Rocco Forte Hotels

Arguably one of the most groundbreaking exhibitions of the decade, if not the century, ‘Raffaello’ was curated in honour of the 500th anniversary of the artist’s death to showcase his varied works and overall influence on art. Our Roman hotels are united in their commitment to cultural heritage and arranged for an exclusive interview with Matteo Lafranconi, art historian, Director of the Scuderie del Quirinale and curator of the show, to find out more.


Why was the Scuderie del Quirinale chosen as the venue for this exhibition?


“The Scuderie del Quirinale is an exhibition venue owned by the Presidenza della Repubblica Italiana and managed by the Ministero di Cultura. The high profile of its institutional role makes the venue especially suitable for relevant initiatives of national scope. The Raphael exhibition is the main expression of a program of events which have been approved by the Comitato Nazionale per le Celebrazioni del Quinto Centenario della Morte di Raffaello [the National Committee for the celebrations of the 5th Centenary of Raphael’s death], established by the Ministero di Cultura and chaired by Antonio Paolucci.”


Why, in your opinion, is Raphael an important artist for us to consider now?


“The relevance of Raphael, his dominant role in the history of art and his fame have always been widely recognised. However, his masterful research for a balanced idea of beauty which is naturally dynamic and harmonious seems to go against the widespread interest of the public – and at times even of art historians – in favour of more eccentric, titanic or ‘doomed’ characters, such as Michelangelo or Caravaggio.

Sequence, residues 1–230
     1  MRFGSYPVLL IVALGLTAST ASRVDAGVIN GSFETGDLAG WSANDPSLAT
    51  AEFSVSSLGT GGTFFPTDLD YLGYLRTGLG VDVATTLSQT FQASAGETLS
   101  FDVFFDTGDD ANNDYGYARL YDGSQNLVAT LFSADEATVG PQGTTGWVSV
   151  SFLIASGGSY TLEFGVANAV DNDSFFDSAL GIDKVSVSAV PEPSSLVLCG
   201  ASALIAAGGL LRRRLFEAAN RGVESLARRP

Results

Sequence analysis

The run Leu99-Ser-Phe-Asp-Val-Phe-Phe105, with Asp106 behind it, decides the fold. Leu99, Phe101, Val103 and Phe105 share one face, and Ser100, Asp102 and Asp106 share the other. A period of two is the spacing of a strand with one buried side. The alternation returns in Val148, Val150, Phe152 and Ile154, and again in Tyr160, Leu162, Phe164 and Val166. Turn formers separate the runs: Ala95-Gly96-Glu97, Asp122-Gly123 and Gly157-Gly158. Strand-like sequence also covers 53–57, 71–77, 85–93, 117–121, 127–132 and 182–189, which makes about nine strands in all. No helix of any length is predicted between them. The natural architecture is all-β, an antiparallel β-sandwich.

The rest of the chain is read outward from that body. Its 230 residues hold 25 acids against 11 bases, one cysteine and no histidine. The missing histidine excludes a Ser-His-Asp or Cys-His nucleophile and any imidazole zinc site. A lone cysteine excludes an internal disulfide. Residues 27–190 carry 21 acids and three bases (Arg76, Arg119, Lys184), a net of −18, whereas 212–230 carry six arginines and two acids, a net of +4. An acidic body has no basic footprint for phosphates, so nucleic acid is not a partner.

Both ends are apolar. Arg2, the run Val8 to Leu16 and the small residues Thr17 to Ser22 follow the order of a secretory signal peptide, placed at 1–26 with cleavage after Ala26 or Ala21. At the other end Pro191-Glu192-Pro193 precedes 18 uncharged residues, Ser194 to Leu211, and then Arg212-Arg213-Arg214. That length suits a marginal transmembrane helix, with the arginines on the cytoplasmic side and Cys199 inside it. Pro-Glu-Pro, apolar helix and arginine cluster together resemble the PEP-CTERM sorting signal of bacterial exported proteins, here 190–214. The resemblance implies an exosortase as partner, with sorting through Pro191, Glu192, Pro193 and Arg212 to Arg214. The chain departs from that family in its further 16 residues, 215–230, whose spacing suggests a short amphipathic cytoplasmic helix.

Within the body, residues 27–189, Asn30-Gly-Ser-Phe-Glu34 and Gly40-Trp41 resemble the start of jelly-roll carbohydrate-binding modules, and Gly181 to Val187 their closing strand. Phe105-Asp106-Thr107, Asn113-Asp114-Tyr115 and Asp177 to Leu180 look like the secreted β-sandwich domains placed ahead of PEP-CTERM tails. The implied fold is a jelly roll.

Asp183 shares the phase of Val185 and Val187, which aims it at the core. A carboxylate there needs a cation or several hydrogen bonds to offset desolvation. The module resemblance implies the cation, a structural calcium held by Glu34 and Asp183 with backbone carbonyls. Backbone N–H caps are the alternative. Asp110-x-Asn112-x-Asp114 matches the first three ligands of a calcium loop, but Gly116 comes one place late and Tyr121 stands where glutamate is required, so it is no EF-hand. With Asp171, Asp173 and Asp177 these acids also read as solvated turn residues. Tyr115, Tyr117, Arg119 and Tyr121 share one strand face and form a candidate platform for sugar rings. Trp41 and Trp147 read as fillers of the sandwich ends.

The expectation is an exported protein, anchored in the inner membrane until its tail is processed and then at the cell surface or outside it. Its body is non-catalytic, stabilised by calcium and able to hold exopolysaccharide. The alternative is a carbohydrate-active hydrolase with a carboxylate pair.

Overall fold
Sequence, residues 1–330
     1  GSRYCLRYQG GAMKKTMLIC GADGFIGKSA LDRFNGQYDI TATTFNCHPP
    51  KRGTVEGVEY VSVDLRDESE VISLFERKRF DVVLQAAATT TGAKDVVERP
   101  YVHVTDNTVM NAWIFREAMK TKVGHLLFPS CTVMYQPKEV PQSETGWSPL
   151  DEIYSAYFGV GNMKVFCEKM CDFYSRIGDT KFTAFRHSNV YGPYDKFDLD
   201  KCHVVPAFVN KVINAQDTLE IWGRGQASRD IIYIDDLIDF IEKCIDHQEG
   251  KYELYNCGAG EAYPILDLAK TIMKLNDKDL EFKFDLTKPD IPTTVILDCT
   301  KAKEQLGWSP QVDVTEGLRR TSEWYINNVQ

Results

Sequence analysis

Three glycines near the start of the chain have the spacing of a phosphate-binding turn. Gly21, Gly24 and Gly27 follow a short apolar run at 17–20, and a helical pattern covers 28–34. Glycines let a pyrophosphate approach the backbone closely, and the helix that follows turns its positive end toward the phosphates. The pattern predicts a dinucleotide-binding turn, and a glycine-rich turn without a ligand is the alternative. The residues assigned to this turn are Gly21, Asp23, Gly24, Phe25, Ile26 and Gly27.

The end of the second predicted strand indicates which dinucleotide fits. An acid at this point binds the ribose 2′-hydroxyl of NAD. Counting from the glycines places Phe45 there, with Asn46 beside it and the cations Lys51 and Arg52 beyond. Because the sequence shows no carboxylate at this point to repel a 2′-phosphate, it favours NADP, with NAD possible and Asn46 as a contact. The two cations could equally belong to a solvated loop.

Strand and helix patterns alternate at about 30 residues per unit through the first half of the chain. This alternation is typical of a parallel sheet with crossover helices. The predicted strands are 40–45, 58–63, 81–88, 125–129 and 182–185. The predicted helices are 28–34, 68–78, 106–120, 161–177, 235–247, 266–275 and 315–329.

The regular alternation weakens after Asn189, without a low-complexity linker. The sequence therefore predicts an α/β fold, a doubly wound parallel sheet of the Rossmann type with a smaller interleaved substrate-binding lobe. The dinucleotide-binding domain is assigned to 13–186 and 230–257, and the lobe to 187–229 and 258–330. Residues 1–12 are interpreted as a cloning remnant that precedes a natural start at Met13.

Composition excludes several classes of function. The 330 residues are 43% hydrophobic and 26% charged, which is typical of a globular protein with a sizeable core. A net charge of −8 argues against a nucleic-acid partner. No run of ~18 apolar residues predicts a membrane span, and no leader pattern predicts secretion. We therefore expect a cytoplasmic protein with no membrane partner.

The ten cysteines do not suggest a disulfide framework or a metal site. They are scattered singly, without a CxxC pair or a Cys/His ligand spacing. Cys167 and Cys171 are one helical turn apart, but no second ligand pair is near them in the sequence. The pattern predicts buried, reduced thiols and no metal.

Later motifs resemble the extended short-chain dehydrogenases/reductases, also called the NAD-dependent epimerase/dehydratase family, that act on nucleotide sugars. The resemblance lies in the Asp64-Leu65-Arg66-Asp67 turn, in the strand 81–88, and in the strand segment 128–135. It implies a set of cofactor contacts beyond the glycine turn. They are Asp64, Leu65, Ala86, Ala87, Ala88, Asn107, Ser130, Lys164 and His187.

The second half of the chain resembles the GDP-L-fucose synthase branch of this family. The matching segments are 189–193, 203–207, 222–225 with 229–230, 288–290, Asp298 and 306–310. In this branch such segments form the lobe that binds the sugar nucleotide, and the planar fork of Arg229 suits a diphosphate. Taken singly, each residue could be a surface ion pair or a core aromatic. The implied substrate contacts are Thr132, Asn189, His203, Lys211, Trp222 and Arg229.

The anticipation preceding Raphael’s exhibition reveals that there is probably a change in direction, so that the ‘positive’ artistic signature of Raphael, one that expresses a mature and complete humanism, is newly eloquent and resonates once again.”


The exhibition brings together a number of works which may never have been seen together before. What are the reasons for this?


“The exceptional nature of the event on this 500-year anniversary is considered by many as an unrepeatable occasion to offer a tribute to one of the most accomplished artists in human history. It is also relevant that this anniversary was celebrated in Rome, where Raphael accomplished his main artistic achievements and where he gained international fame. 

These main reasons, together with the fact that the project has been conceived as an ambitious scientific one involving a truly prestigious international committee, pushed lenders to make an extraordinary effort which would not have been possible otherwise.” 


Are there any works on show that would otherwise be difficult to see as they are in private hands?


“There aren’t many works by Raphael still owned by private collectors – the majority of them are part of public collections. In this exhibition there are; however, significant masterpieces coming from private hands, such as the superb study for one of the figures represented in the Parnaso fresco, in the Vatican – Musa Polimnia – or the truly exquisite Portrait of Valerio Belli; and the study for a female portrait which dates back to his early years, now shown to the public for the first time.”


What was the reason for the decision to begin the display with Raphael’s latest works and work back to his earliest?


“We wanted to highlight Raphael’s passing, the object of the 5th centenary we are celebrating. On top of this, there’s the great symbolic meaning of his burial in the Pantheon – a passionate act of love for the ancient world which Raphael wanted to express in his short-lived but highly intense career.